FILE PHOTO: A US Navy personnel walks past the USS North Carolina (SSN-777) submarine docked at Changi Naval Base in Singapore, April 28, 2014. The US Navy Virginia-class nuclear submarine arrived in Singapore on April 26 for a routine visit. Made his second deployment to the Western Pacific. Reuters/Edgar Su
September 15, 2021
by Steve Holland, Nandita Bose and David Brunstrom
WASHINGTON (Reuters) – The United States, Britain and Australia said on Wednesday that they would establish a security partnership for the Indo-Pacific, which will help Australia acquire nuclear-powered submarines, as the Chinese dominate the region. the effect increases.
Senior US administration officials told reporters that under the partnership announced by President Joe Biden, British Prime Minister Boris Johnson and Australian Prime Minister Scott Morrison, the United States would provide Australia with the technology and capability to deploy nuclear-powered submarines. Will do
The three leaders outlined the deal in a three-way virtual announcement from each of their capitals.
“We all recognize the imperative to ensure peace and stability in the Indo-Pacific for a long time,” Biden said.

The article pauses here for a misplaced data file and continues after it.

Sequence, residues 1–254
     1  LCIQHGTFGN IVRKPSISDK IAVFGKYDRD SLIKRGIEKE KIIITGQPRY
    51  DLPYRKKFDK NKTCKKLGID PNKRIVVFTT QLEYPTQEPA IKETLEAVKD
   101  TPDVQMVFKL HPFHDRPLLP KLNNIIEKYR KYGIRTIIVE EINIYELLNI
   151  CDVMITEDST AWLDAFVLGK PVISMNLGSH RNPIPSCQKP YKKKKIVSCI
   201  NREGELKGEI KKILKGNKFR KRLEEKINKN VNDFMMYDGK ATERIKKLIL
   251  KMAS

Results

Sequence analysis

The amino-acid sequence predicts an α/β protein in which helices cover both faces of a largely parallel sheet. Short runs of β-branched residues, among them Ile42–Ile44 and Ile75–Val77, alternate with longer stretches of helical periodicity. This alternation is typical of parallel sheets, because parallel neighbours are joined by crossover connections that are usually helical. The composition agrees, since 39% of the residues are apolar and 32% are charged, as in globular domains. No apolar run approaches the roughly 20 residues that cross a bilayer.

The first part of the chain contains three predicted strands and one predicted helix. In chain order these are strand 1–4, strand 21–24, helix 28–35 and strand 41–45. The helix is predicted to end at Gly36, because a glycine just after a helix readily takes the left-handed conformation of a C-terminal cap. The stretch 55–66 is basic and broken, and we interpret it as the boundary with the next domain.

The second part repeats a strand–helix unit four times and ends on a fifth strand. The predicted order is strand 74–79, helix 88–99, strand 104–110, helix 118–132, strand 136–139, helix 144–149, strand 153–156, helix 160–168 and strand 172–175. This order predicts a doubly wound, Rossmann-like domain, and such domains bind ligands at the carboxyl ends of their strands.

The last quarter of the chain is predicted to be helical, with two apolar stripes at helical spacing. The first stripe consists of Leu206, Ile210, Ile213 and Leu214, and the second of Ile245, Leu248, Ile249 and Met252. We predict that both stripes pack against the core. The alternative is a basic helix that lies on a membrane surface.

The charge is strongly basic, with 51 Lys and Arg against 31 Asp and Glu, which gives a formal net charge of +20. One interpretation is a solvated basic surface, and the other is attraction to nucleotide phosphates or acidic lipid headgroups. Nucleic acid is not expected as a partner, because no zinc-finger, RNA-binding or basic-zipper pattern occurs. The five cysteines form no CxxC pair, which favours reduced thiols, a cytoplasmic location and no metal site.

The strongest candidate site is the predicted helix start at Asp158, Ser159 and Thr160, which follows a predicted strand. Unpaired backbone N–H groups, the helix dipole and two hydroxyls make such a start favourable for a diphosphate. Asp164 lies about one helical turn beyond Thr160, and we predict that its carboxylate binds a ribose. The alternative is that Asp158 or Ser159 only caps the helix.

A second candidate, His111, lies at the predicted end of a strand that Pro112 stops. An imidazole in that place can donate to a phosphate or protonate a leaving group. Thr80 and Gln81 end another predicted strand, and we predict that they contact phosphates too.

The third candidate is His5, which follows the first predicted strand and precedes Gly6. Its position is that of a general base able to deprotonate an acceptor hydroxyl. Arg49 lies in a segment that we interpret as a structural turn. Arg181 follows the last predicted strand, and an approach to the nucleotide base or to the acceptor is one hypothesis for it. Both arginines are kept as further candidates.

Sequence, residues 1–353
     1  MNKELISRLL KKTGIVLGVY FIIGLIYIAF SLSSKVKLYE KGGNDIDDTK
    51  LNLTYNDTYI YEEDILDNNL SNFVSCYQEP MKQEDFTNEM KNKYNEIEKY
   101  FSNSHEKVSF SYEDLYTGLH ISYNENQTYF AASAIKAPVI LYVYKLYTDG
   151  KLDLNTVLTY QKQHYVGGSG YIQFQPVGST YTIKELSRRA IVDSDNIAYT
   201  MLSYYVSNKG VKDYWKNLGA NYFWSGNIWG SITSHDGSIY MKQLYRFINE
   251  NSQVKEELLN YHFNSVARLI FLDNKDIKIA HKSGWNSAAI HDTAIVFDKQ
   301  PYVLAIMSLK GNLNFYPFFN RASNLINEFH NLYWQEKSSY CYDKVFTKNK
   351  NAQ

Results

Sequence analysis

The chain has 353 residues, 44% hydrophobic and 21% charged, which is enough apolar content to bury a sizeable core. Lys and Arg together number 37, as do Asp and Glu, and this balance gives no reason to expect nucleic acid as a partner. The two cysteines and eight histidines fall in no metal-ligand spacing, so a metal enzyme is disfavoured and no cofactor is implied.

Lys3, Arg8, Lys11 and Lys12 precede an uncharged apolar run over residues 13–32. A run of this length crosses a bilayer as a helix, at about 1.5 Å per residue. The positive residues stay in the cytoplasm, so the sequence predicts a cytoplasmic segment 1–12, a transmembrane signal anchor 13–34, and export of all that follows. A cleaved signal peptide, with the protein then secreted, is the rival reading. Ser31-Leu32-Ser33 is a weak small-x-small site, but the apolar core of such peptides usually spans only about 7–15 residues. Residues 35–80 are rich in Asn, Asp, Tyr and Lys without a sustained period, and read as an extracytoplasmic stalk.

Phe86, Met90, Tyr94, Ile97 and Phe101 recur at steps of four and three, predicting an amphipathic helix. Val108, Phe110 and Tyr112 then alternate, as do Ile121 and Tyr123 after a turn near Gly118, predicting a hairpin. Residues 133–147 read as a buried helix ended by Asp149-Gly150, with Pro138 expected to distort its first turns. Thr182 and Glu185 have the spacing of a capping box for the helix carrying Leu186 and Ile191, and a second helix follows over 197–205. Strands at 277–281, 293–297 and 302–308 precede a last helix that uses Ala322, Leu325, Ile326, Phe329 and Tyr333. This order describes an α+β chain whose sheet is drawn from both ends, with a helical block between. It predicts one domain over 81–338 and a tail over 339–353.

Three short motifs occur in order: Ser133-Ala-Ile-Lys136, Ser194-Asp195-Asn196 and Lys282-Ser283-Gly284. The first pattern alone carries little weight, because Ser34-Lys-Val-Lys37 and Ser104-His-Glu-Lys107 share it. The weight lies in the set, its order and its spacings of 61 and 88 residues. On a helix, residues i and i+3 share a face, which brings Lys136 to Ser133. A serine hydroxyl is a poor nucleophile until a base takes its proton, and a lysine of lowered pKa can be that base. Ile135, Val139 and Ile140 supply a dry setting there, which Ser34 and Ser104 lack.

Morrison said the submarines would be built in Adelaide in close collaboration with the United States and the United Kingdom. He said that Australia would not plant nuclear weapons.
“We will continue to meet all our non-proliferation obligations,” he said.
Johnson called it an important decision for Australia to acquire the technology. He said that this would make the world safer. “It will be one of the most complex and technically demanding projects in the world,” he said.
US officials insisted that the move, which comes as Washington and its allies are looking for ways to back down against China’s growing power and influence, would not include the provision of nuclear weapons to Australia. He said the submarines would not be deployed with nuclear weapons, but would allow the Australian Navy to operate more calmly, for longer durations, and to provide deterrence in the Indo-Pacific.
Officials said the partnership, which would include cooperation in areas including artificial intelligence, quantum technology and cyber, “was not aimed at any one country.”
“This is a historic announcement. This reflects the determination of the Biden administration to forge stronger partnerships to maintain peace and stability throughout the Indo-Pacific region,” said one of the officials.
The partnership is likely to end efforts by the French shipbuilder Naval Group of Australia to build a new $40 billion submarine fleet to replace the more than two decades old Collins submarines, Australian media reported.
(Reporting by Steve Holland, Nandita Bose, David Brunnstrom, Mike Stone and Trevor Honeycutt in Washington; Additional reporting by John Irish in Paris; Editing by Alistair Bell)